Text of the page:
Destiny has proven to be one of the most polarizing video games of the current generation of consoles, both critically and in terms of its popularity with the gaming public. Whereas some lauded its slick shooting mechanics, brilliant PvP options and lush visuals, others were quick to shower criticism on its repetitive mission structure and lacklustre narrative, something which pales in comparison to the likes of Halo. Still, with over 20 million players amassed since its launch in September 2014, there’s no denying that Bungie’s shared-world shooter has notched up some impressive numbers and the public have taken to it. This past week has seen the launch of the second expansion, House of Wolves, bringing with it a fresh set of missions, weapons, armor and other goodies to tuck into. But is it worth the hefty asking price? Read on for our impressions.
While the previous DLC, The Dark Below, focused on the subterranean race known as the Hive, House of Wolves concentrates on a group of disgraced Fallen who have betrayed the Awoken Queen, who resides on the Reef. Out of all the characters in Destiny, the Awoken are perhaps the most interesting, both aesthetically and from a plot point of view, although there’s still not an awful lot of narrative to tuck into here. The Queen’s emissary and her loyal Fallen sidekick, Variks, make up the lion’s share of new dialogue, although again Peter Dinklage as Ghost is conspicuous by his absence. At this point however, you probably aren’t playing Destiny for its story, most of which you get from the Grimoire Cards online, rather than lengthy in-game exposition.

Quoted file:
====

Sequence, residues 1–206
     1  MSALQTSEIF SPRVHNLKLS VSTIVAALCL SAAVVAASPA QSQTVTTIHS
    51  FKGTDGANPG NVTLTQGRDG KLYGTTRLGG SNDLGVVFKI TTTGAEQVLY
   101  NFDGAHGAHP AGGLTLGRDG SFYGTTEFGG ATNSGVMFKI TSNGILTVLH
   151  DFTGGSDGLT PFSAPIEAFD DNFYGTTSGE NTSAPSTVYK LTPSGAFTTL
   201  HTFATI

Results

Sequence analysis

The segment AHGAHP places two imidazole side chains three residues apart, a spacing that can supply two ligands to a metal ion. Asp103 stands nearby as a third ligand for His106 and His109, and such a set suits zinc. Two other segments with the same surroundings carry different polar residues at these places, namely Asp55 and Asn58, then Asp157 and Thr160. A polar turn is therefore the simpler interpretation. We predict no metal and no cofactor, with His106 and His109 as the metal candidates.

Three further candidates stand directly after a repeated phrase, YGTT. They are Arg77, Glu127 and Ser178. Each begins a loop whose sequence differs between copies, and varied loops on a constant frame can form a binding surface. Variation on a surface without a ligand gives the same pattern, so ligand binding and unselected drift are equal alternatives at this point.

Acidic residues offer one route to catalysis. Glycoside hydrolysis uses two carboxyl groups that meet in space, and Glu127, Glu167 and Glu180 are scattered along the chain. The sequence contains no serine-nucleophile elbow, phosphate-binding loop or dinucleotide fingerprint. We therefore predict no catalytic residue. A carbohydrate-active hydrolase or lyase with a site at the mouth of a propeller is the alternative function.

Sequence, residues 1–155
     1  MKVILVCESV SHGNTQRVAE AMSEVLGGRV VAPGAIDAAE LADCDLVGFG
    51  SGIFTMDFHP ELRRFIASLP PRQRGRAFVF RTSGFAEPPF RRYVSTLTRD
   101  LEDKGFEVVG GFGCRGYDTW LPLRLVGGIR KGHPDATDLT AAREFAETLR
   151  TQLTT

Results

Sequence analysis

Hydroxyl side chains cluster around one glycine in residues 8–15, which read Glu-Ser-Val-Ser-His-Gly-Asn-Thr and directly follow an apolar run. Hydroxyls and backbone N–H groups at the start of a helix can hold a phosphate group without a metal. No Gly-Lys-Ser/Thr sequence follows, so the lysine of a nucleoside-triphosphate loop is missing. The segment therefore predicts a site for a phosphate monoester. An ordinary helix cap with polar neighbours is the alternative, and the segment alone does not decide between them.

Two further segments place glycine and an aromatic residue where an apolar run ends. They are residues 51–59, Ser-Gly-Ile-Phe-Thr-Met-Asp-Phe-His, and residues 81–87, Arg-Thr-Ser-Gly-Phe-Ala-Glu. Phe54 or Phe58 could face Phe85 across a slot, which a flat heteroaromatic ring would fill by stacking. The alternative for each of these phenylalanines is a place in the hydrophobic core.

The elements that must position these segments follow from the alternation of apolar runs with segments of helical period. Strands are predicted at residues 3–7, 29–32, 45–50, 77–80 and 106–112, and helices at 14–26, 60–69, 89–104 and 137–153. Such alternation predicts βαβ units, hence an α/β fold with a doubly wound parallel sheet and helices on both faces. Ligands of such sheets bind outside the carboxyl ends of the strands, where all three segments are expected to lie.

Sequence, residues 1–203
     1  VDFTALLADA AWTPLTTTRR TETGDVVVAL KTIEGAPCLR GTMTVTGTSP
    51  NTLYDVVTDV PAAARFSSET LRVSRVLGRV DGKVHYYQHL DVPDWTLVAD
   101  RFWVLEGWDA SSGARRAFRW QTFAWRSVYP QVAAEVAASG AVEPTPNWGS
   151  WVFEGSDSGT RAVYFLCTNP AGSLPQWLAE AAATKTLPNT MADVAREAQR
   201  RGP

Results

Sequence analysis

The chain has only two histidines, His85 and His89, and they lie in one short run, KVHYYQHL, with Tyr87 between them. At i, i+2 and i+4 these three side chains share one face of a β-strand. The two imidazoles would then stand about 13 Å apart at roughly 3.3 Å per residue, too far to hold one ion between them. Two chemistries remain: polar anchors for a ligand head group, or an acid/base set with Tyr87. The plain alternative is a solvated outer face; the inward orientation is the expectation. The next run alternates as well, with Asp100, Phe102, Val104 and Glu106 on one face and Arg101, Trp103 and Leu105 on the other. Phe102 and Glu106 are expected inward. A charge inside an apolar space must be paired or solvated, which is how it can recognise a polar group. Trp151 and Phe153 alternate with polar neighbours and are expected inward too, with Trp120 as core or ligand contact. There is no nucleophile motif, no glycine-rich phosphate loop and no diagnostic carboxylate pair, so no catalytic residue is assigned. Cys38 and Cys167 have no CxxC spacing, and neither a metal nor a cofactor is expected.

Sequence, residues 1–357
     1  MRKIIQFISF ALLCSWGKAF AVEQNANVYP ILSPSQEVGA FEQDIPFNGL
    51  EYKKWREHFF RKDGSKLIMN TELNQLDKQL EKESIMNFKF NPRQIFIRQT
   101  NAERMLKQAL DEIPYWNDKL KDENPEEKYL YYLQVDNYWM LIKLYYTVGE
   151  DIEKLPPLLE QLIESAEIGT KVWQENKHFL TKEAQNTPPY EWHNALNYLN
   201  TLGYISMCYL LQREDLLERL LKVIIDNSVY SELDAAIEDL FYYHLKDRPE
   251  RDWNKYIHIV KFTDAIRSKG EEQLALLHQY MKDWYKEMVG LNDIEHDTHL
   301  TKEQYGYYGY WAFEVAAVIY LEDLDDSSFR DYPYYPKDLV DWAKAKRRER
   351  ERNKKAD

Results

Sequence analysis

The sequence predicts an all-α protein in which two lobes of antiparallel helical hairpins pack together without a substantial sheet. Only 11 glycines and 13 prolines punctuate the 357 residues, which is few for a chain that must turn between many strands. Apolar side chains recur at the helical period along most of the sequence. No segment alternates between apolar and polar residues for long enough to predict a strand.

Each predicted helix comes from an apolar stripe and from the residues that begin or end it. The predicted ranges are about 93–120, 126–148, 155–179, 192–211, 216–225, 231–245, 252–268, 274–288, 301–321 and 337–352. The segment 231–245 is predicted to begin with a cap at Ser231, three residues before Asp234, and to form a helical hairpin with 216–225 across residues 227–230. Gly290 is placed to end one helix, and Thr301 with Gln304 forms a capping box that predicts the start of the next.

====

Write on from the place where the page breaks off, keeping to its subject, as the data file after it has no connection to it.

Right off the bat, the Reef is introduced as a new social space, a mini-hub where Guardians can pick up new quests, as well as visiting Xur (when he shows up) and the Cryptarch. There’s also a couple of new Dead Ghosts to pick up if you fancy it. The missions themselves—five in total—are pretty solid, and typically see you hunting down Fallen boss Skolas and his companions across Earth and Venus. Firefights are challenging and frantic, with some pretty tough Fallen Captains and Vanguards forcing you into some strategic battles; I found myself employing every tool in the book, and had a blast taking down dozens of Fallen troops. The highlights of each mission are undoubtedly the bosses, which are far more challenging this time around than The Dark Below.
As with Destiny overall, the game is fun solo, but infinitely more enjoyable with a couple of mates. While most of the quests have you retreading old ground—you’ll venture everywhere from the Cosmodrome to the Vault of Glass—there’s a couple of new areas to explore, which keeps things feeling fresh. Not that you’ll notice much anyway, as you’ll be having too much fun weaving in and out of cover, popping a round into a Fallen foe’s head to worry about where you’re fighting. Still, a few more new locations would have been nice, and as with the previous DLC, you can blast through the new missions in a couple of hours; I beat the missions with a fellow PSU team member in a single night.